Men's health study wins $450,000 Florey grant
Saturday, 18 October 2003
A collaborative research team headed by the University of Adelaide has been awarded the $450,000 Florey Research Grant to undertake a major study into the health and ageing of Australian men.
The project, which aims to study 1000 men in Adelaide's north-west suburbs, is believed to be the first of its kind in Australia to attempt to identify the wide range of factors that contribute to Australian men's health (reproductive, physical and emotional), and their relationship with the ageing process.
The grant, awarded for three years, was announced last night (Friday) at the Florey Medical Foundation's annual fundraising dinner held in Bonython Hall.
The Florey Research Grant is jointly funded by the Florey Medical Research Fund, the major fundraising arm of the University of Adelaide's Medical School, and the university's Deputy Vice Chancellor (Research). The grant is named after one of the Adelaide's greatest graduates, Lord Howard Florey, who won the Nobel Prize in Medicine for his pioneering work in the development of penicillin for clinical use.
The grant aims to support research teams that are looking for better solutions to major health problems in South Australia, and promotes stronger partnerships between researchers in different disciplines in Adelaide.
The winning research team is headed by Associate Professor Gary Wittert from the University of Adelaide's Department of Medicine, and involves researchers from the university's Department of Public Health and the School of Molecular & Biomedical Science, as well as the Royal Adelaide Hospital, SA Department of Human Services, Institute of Medical and Veterinary Science, Hanson Institute, CSIRO and Glenside Hospital.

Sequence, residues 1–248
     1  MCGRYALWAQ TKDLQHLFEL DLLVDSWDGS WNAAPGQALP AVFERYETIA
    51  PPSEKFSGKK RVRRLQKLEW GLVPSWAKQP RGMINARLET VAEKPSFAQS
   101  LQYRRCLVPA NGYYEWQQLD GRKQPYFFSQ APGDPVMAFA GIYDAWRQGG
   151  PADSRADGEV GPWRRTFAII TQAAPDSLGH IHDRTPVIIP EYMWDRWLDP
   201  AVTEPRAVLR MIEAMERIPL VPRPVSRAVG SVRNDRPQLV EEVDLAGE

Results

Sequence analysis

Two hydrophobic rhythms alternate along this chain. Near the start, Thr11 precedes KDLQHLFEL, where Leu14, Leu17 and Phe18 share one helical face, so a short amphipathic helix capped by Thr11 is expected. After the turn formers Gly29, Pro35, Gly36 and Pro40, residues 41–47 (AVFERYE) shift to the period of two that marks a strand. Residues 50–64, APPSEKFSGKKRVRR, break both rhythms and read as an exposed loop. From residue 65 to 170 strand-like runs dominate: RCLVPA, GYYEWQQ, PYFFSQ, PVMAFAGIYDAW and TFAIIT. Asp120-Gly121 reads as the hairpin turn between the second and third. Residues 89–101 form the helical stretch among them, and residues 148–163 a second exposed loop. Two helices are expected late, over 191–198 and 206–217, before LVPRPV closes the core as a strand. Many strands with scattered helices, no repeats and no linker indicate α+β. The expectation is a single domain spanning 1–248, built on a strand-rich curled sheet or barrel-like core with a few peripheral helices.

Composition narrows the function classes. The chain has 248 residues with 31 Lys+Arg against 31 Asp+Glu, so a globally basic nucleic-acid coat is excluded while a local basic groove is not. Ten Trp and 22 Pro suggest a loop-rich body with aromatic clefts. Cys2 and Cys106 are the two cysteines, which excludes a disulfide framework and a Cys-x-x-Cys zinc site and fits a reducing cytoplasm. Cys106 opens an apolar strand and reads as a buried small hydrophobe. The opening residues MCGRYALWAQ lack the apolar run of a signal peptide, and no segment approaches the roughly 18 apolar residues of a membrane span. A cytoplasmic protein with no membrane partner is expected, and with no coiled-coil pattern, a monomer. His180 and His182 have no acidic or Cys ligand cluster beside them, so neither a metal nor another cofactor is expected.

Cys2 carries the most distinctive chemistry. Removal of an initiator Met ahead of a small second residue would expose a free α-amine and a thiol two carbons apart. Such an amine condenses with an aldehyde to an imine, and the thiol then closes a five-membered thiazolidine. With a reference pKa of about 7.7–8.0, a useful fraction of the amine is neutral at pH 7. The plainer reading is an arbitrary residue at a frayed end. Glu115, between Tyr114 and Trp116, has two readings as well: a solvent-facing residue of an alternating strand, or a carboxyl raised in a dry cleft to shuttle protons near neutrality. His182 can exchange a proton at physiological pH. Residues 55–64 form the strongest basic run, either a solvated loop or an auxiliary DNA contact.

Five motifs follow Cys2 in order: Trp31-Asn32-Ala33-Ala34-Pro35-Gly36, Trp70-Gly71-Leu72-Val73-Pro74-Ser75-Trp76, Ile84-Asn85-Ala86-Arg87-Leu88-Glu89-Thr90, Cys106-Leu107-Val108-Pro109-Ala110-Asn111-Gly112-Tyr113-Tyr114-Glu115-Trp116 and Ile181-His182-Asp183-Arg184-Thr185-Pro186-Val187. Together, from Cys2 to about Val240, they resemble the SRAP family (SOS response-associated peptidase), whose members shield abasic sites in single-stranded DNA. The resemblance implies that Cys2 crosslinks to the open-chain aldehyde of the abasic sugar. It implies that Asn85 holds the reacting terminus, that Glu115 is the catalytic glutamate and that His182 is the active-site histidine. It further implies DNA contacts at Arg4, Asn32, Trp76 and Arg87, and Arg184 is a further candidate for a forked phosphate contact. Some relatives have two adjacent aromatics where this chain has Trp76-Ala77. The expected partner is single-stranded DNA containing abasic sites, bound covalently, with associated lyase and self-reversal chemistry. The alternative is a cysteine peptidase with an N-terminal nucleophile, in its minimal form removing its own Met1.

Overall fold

"Compared with women, Australian men of all ages are less healthy and therefore do not enjoy as good a quality of life as they should," Dr Wittert says.
"All chronic conditions such as obesity, cancer, diabetes and cardiovascular disease occur more frequently in men and their life expectancy is five years less than that of women. Men are less likely to use health services, especially in relation to preventative services and early intervention, and the quality of their mental health is below that of women's. In addition, some diseases that exclusively affect men, such as prostate cancer, are insufficiently understood - screening remains controversial and there is little data regarding prevention.
"Identifying the reasons for men's poorer physical and mental health is an imperative," he says. "We hope that measures could then be developed and implemented to promote a healthy and active lifestyle, eventually prevent diseases, and guide the development of appropriate health services and policy."
Head of Discipline of Medicine, Medical Specialties
The University of Adelaide
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Mr Robert Pontifex
Florey Medical Research Fund
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